Learning from wars
World War II relics remind of the horrors of armed conflict.
I went to Corregidor Island last week with an intern from Taiwan to see the tunnels and emplacements built in the American colonial period and what World War II had left there.
What impressed me most in Corregidor was the Malinta tunnel, which once served as the seat of the Philippine Commonwealth government under then President Manuel L. Quezon, had a 1,000-bed hospital, and where thousands of soldiers lived for almost six months.
It is hard to imagine how people could cope with the difficult living conditions and not knowing when they would be able to leave the tunnel, and that thousands of soldiers just lost their lives on the island without people knowing their names, and most of their remains could not be found and retrieved.
I also visited two exhibits in Fort Santiago last July and August. One was the Remembering World War II Exhibit featuring rare photographs from the collections of WWII historian Dr. Ricardo T. Jose and WWII expert Anthony S. Feredo. The other was an exhibit held by the International Committee of the Red Cross showing objects from Mindanao and Iraq illustrated the severe impact of wars on cities.
I remember being shocked when I visited Fort Santiago for the first time and saw the dungeons where 600 Filipinos were imprisoned during WWII and all of them were found dead after the Battle of Manila. What was equally shocking was that 100,000 Filipino civilians were brutally killed during the battle. Manila was turned into a battleground and the history of the city was ruined after the conflict.
Rachel T. Malaguit, the public relations officer of ICRC, said that cities are turned to rubble, with houses, infrastructure, schools, means of livelihood, and cultural sites destroyed. Services essential for human survival collapse, leaving entire populations without access to water, sanitation, electricity, or health care, and trigger displacement. The education of children is disrupted.
Paul, a WWII expert from Australia told me in the Remembering World War II Exhibit that the battle of Manila “was a shocking period of history which a lot of people cannot understand how truly shocking or tragic it was. There’s no glory in a war. There’s no glory in territorial extension. The battle of Manila was a tragedy by every measure.”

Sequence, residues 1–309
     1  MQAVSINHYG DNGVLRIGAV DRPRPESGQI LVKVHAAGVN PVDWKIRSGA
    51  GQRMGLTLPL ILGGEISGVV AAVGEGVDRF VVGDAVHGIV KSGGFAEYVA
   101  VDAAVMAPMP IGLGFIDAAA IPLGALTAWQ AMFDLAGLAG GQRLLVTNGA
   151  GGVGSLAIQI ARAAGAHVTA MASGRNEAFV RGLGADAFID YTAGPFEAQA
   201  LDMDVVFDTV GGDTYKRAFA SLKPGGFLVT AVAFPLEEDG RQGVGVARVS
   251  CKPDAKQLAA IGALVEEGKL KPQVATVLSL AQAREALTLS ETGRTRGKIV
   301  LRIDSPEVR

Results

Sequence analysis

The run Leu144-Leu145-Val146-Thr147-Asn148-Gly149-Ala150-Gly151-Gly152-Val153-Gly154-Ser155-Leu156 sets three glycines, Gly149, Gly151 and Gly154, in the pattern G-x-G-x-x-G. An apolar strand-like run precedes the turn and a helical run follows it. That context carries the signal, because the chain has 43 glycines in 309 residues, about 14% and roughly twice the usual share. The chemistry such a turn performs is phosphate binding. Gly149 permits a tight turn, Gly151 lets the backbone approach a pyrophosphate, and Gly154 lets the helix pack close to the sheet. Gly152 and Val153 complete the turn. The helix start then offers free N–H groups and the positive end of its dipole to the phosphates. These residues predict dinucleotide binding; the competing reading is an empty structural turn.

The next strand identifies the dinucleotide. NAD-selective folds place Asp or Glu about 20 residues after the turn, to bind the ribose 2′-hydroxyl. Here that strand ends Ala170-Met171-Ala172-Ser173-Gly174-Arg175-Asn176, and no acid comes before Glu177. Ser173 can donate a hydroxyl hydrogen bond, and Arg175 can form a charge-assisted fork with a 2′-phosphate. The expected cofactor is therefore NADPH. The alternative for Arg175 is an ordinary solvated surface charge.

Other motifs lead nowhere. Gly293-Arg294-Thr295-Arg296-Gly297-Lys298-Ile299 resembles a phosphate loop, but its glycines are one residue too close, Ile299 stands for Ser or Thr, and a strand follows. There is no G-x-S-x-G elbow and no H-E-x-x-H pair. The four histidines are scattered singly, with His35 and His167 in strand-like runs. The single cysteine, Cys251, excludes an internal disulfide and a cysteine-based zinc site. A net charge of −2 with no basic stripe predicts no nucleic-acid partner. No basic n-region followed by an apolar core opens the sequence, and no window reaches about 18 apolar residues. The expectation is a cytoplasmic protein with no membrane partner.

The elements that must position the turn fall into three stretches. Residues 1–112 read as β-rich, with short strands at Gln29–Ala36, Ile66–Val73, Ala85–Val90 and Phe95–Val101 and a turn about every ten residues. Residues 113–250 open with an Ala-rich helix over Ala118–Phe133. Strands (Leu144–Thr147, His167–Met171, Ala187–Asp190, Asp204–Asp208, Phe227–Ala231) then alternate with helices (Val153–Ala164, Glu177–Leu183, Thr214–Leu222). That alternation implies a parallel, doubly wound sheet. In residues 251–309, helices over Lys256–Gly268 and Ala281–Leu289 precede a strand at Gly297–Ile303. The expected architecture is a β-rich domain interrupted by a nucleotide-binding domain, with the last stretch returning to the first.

I couldn’t agree with them more.
I grew up in a small town in Taiwan where a sugar refinery factory has been located since the Japanese colonial period. During WWII, the small town was also bombed fiercely by the United States air force and in the park in the neighborhood where I grew up, there is still an air-raid shelter built at that time.
For most Taiwanese, I believe that even though we don’t have wartime memories, none of us really consider that wars are far from us.
Our fathers and brothers had to fulfill the mandatory military service. If you raise the subject of military service, almost every Taiwanese guy would have a bunch of memories to share with you. When my younger brother was drawing his lot for military enlistment to decide where he would be assigned, I even drew the lot for him because he thought I had better luck than him.
As a female, while I didn’t have to serve in the military, high schools and universities in Taiwan had military training courses, and there was a military marching song contest in the high school I attended which each student must participate in. And every Taiwanese citizen must have experienced the yearly Wan An national air defense exercise. Once you hear the air-raid siren, you need to go or stay indoors until the siren stops. It is for everyone to stay alert and prepared for possible attacks against Taiwan.
Nobody wants a war. That’s why learning from wars is always necessary and countries have to be prepared for wars to warn possible enemies that there is a price to pay if a war starts.
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